CSExtra – Thursday, October 18, 2012
If you would prefer to receive CSExtra in e-mail format, e-mail us at [email protected] with the word SUBSCRIBE in the subject line.
Thursday’s CSExtra offers the latest reporting and commentary on space related activities under way around the world. NOAA recovers GOES 13, a weather satellite that scans the Atlantic for hurricane activity. New Horizons, the world’s first mission to distant Pluto, faces a debris threat as it approaches in mid-2015. New studies bolster theories that suggest the moon was formed from the debris of a long ago collision between the Earth and a Mars-sized object; however, questions remain. NASA’s Curiosity rover raises questions about the origin of some shiny material on the planet’s surface. Felix Baumgartner’s amazing parachute leap could save lives; the retired military officer whose long standing record was broken should know. One lawmaker points to a NASA food research project as wasteful. At the Kennedy Space Center in Florida, NASA readies the last of its retired shuttle orbiters, Atlantis, for its early November trip to a nearby visitors center for public display.
1. From Spacepolicyonline.com: GOES 13, a NOAA satellite that monitors Atlantic hurricane activity encountered a problem last month that threatened to take it out of service. The problem was traced to vibration. The weather sentry recently resumed its surveillance. http://www.spacepolicyonline.com/news/goes-13-back-in-business
2. From The San Antonio News-Express: Launched seven years ago, NASA’s New Horizons mission is racing toward a first ever encounter with distant Pluto in mid- 2015. However, since its launching, scientists have grown concerned that New Horizons may encounter a debris field generated by moons and possible rings. The issue is outlined at the American Astronomical Society meeting this week in Reno, Nev. http://www.mysanantonio.com/news/local_news/article/Hazards-await-S-A-led-space-mission-to-Pluto-3953378.php
3. From Space.com via Science: New studies bolster the proposition that a Mars-sized object collided with the early Earth to produce the moon. http://www.space.com/18106-moon-formation-earth-giant-impact.html
A. From The Los Angeles Times: The collision theory of the moon’s origin still faces a significant challenges involving Earth/moon chemistry and the Earth’s spin rate. http://www.latimes.com/news/science/la-sci-moon-history-20121018,0,316262.story
4. From New Scientist: On Mars, NASA’s Curiosity rover encounters some strange material as it studies the rock and soil. First speculated to be something of Earthly origin dropped by Curiosity, the material may be native to Mars, further study suggests. http://www.newscientist.com/blogs/shortsharpscience/2012/10/mystery-particles-on-mars-reveal.html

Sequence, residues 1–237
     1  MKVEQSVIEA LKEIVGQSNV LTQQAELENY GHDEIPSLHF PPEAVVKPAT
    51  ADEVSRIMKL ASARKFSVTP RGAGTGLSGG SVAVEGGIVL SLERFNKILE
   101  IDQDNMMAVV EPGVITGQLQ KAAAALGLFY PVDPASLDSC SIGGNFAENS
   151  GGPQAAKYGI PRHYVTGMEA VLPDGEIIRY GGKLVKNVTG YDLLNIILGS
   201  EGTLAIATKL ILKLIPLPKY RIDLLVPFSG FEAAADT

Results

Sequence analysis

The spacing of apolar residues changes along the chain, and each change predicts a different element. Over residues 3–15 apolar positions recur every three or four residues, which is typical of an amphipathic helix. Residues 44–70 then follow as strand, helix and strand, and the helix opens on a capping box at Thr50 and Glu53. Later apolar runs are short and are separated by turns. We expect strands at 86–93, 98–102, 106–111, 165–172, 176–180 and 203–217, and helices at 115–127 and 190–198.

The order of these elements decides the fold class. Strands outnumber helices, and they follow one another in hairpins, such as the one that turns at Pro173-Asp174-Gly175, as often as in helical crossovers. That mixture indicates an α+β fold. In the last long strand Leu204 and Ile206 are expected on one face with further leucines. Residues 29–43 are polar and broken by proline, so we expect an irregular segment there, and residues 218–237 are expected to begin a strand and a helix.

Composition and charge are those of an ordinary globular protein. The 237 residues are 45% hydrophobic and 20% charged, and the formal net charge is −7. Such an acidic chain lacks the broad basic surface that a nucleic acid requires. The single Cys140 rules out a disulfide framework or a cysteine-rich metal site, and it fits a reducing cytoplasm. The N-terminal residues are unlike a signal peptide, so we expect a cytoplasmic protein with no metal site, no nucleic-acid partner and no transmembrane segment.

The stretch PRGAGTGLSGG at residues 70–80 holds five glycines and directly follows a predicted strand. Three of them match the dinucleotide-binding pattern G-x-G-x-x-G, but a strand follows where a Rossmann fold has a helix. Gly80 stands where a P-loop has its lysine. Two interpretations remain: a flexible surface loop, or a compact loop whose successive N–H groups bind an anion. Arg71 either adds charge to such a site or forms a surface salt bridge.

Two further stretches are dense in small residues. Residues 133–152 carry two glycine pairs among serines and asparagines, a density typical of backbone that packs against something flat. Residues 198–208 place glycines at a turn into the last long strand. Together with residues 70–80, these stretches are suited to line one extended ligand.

5. From USA Today: The national newspaper offers a collection of reactions to Felix Baumgartner’s record parachute jump in Roswell, N.M., last weekend. The feat continues to create a buzz. http://www.usatoday.com/story/opinion/2012/10/17/space-dive-baumgartner/1639199/
A. From the Associated Press via The Houston Chronicle: Felix Baumgartner’s stratospheric leap could help to save the lives of future space and suborbital space travelers, according to a NASA researcher. http://www.chron.com/news/texas/article/Skydiver-s-feat-could-influence-spacesuit-design-3957405.php
B. From The Orlando Sentinel: Baumgartner’s jump eclipsed parachute records established in 1960 by then Air Force officer Joe Kittinger. Kittinger, now 84, was on hand in New Mexico to help his successor along. http://www.orlandosentinel.com/os-beth-kassab-joe-kittinger-record-101812-20121017,0,4109059.column
6. From Spacepolitics.com: A NASA research project to test the food for astronauts on a lengthy mission to Mars draws fire from Congressional critics of wasteful expenditures, as does Third Rock Radio and other public engagement activities. http://www.spacepolitics.com/2012/10/17/mars-food-and-other-space-waste-highlighted-in-report/
7. From Spaceflightnow.com: NASA positions the retired orbiter Atlantis in the Vehicle Assembly Building at the Kennedy Space Center for its Nov. 2 tow to the center’s visitor complex. Atlantis is the final NASA orbiter slated for decommissioning.
Brought to you by the Coalition for Space Exploration, CSExtra is a daily compilation of space industry news selected from hundreds of online media resources. The Coalition is not the author or reporter of any of the stories appearing in CSExtra and does not control and is not responsible for the content of any of these stories. The content available through CSExtra contains links to other websites and domains which are wholly independent of the Coalition, and the Coalition makes no representation or warranty as to the accuracy, completeness or authenticity of the information contained in any such site or domain and does not pre-screen or approve any content. The Coalition does not endorse or receive any type of compensation from the included media outlets and is not responsible or liable in any way for any content of CSExtra or for any loss, damage or injury incurred as a result of any content appearing in CSExtra. For information on the Coalition, visit www.spacecoalition.com or contact us via e-mail at [email protected].